Raven’s Peak by Lincoln Cole
31/2 Stars (out of 5)
Raven’s Peak is a good book that could have been great. It suffers from an ending that is simultaneously too rushed and too long. Part of this is because Raven’s Peak is volume 1of the World on Fire Series.
We initially meet the Reverend, a/k/a Arthur, in a subterranean prison controlled by an organization called the Council. It is the Council’s job to protect the world from demons and other assorted evils. A member of the Council, Frieda, seeks the Reverend’s help because three of the Council’s hunters have disappeared, including the Reverend’s protégée, Abigail. The Reverend travels to the last known location of the hunters and discovers they had encountered a demon far more power than they had expected. Two are dead and the third, Abigail, has been possessed by the demon. The Reverend manages to trick the demon to save Abigail and three innocent young girls, but at the cost of his soul being sent to Hell.
The book then jumps ahead a few weeks where we meet Haatim who is having a crisis of faith following the death of his sister. Her death has also caused a split in his family so Haatim is not on speaking terms with his well to do family in India (they are paying for his apartment in Arizona). Not knowing what to do, Haatim agrees to play private detective for George Wertman. Wertman claims a woman is following him and wants to kill him. Haatim follows the woman following George. The reader soon discovers that the woman is Abigail and George Wertman is just an empty vessel for a demon. And the demon has decided to use Haatim’s body when George’s is destroyed by Abigail. This is prevented by Abigail, but draws Haatim into her world.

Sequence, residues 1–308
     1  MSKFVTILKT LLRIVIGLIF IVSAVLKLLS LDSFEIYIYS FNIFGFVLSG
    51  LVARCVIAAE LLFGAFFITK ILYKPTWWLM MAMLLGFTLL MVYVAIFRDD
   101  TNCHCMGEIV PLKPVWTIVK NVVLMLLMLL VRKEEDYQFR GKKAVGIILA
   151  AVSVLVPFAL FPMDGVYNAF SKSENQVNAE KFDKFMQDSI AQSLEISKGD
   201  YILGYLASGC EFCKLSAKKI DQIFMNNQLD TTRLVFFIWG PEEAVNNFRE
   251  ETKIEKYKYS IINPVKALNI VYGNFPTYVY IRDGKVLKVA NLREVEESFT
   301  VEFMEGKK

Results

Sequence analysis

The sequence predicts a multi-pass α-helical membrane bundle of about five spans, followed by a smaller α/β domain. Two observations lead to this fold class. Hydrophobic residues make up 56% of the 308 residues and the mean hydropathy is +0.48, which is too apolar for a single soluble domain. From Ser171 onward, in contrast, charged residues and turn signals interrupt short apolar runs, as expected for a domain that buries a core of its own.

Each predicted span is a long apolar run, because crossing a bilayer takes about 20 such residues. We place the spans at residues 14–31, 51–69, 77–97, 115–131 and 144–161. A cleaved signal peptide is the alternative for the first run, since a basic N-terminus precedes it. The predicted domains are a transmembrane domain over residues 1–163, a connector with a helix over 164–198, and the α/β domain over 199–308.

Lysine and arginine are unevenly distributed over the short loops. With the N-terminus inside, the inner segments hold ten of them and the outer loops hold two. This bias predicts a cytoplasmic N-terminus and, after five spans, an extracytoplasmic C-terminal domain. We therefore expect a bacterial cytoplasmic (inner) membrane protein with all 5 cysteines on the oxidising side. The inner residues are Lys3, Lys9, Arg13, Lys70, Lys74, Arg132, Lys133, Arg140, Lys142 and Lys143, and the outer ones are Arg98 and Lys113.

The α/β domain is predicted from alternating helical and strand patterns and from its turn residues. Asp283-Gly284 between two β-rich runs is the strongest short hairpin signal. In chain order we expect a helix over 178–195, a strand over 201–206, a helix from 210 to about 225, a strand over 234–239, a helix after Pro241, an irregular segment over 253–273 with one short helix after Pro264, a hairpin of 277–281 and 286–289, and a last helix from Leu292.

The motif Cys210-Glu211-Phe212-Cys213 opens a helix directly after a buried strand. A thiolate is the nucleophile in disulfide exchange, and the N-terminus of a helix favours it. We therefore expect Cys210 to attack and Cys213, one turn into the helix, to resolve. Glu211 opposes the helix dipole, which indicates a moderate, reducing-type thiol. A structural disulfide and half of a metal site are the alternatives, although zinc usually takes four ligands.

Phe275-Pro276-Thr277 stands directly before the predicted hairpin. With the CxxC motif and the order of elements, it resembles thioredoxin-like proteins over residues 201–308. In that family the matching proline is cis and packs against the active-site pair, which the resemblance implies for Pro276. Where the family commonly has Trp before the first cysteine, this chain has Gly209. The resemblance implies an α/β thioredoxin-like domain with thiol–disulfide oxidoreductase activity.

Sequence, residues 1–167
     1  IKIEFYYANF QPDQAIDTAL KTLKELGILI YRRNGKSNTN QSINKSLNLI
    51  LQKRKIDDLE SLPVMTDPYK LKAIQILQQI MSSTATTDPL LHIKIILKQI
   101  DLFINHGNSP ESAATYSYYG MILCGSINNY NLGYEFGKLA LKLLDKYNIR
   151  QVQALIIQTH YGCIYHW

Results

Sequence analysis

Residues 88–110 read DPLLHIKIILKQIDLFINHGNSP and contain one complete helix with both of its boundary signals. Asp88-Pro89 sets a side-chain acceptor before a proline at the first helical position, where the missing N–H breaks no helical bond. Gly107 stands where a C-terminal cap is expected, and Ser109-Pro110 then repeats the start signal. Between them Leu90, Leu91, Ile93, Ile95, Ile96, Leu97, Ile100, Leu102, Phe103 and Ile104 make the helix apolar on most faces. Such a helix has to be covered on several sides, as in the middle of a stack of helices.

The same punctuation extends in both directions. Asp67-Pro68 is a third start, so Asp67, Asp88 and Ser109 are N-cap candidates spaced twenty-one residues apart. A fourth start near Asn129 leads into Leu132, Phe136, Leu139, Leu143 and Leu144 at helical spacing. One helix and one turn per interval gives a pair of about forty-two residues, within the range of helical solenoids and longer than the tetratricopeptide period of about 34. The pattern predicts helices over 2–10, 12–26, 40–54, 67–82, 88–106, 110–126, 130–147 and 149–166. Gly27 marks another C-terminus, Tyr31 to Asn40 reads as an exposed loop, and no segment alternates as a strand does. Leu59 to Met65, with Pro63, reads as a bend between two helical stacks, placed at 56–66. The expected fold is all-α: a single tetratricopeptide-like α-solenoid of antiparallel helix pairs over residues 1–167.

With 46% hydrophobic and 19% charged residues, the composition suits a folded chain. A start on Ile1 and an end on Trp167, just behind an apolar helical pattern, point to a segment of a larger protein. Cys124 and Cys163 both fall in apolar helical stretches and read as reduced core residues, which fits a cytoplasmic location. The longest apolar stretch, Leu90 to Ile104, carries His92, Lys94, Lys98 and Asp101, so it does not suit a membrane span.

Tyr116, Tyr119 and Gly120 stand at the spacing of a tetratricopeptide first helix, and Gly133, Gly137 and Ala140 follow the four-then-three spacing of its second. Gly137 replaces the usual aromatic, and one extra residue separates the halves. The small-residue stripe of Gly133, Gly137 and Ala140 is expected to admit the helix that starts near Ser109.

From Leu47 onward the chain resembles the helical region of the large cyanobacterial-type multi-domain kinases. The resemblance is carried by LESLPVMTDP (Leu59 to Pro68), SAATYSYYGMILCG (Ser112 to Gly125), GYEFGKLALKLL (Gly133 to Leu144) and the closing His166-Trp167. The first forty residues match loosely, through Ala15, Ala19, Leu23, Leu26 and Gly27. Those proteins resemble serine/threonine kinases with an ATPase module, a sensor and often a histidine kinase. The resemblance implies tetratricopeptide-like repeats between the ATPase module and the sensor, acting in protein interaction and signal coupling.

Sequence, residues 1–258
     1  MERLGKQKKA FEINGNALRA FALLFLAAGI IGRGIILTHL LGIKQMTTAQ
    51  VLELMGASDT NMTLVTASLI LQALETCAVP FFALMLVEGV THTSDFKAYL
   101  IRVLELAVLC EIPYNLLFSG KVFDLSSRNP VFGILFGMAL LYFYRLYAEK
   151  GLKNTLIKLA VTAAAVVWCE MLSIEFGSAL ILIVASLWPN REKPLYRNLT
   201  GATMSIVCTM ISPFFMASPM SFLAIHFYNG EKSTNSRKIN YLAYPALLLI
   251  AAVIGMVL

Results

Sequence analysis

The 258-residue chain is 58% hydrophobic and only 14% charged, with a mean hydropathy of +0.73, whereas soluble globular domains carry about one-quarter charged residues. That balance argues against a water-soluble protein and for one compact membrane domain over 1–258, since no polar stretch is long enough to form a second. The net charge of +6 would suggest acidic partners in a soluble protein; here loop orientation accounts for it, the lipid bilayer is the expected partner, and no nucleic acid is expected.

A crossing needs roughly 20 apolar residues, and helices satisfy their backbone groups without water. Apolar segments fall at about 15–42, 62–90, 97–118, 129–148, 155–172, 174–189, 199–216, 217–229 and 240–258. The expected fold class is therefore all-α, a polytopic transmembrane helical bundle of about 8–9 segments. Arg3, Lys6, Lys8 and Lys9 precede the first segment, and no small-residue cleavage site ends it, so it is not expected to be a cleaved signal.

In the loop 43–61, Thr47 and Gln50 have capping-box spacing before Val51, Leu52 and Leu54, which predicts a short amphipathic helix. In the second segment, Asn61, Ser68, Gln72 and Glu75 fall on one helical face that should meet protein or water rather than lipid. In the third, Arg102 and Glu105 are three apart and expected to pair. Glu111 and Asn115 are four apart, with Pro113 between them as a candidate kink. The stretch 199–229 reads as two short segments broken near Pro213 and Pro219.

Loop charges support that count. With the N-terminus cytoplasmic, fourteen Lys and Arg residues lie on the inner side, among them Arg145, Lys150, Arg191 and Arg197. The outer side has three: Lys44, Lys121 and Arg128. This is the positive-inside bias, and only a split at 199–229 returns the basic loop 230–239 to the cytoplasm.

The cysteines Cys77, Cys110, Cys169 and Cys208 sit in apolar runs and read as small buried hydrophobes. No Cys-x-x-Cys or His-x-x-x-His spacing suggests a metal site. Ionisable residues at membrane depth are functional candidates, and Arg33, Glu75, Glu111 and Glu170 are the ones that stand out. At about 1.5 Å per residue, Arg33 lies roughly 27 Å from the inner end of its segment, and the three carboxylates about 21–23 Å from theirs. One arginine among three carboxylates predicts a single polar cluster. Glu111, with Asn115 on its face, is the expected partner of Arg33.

After saving Haatim, Abigail is tasked by Frieda to investigate strange goings on in Raven’s Peak, West Virginia. With a quick stopover in Colorado where we learn Abigail is still trying to save the Reverend’s soul, the book quickly brings us across the country, using the road trip as a means of delivering expositionary information.
The characters, especially Abigail and Haatim are well developed. While they are, in someways, standard characters, Cole’s writing fleshes them out and makes them feel more developed than stock characters in a plot. The 9th Circle, the evil counterpart to the Council is interesting and I wish they had more to do in the story other than get the plot rolling. The first half of the book is very good.
The problem with the book begins once Abigail and Haatim get to the titular Raven’s Peak, the book suddenly goes into overdrive. We meet the demon causing the problem. And when the Council finds out the demon, it decides to napalm the entire town, giving our heroes the standard one hour to put everything right before everything is incinerated. From this point forward in the book everything feels truncated. It’s almost as if the author didn’t know quite how he wanted it resolved and just put in a generic set piece of the good guys saving the day against incredible odds. The book should have better paced the last 1/3 of the story. A little more time setting up the final confrontation and how the demon was impacting Raven’s Peak would have been preferred.
And yet in another way, the ending is too long. The book should have ended with the culmination of the battle with the Demon. Instead, the very end of the book entails Abigail and Haatim chasing down an object the Demon had come for and then having to face the consequences of their actions. The book ends of somewhat of a cliff-hanger.
The first book of a series should be rather self-contained. Yes, leave the threads for the following books to deal with, but the first book should simply set up the world. By having the post-demon battle scavenger hunt and its non-resolution, the reader feels somewhat cheated out of a full story. The story in Raven’s Peak instead of being resolved just stops midstream. It would have been better if the post battle scene had been the prologue to volume 2 of the series.
While Raven’s Peak starts out strong and gives us good characters, the abrupt and somewhat arbitrary end of the book prevents me from giving it 4 stars.
(Note: Raven’s Peak is published under the Kindle Scout Program. Readers can vote which novels they think should be published based on the first few chapters (about 2000 words in length). If a novel you pick is selected for publication, Amazon sends the voter a link to receive a free copy of the book. This is how I obtained a copy of this book)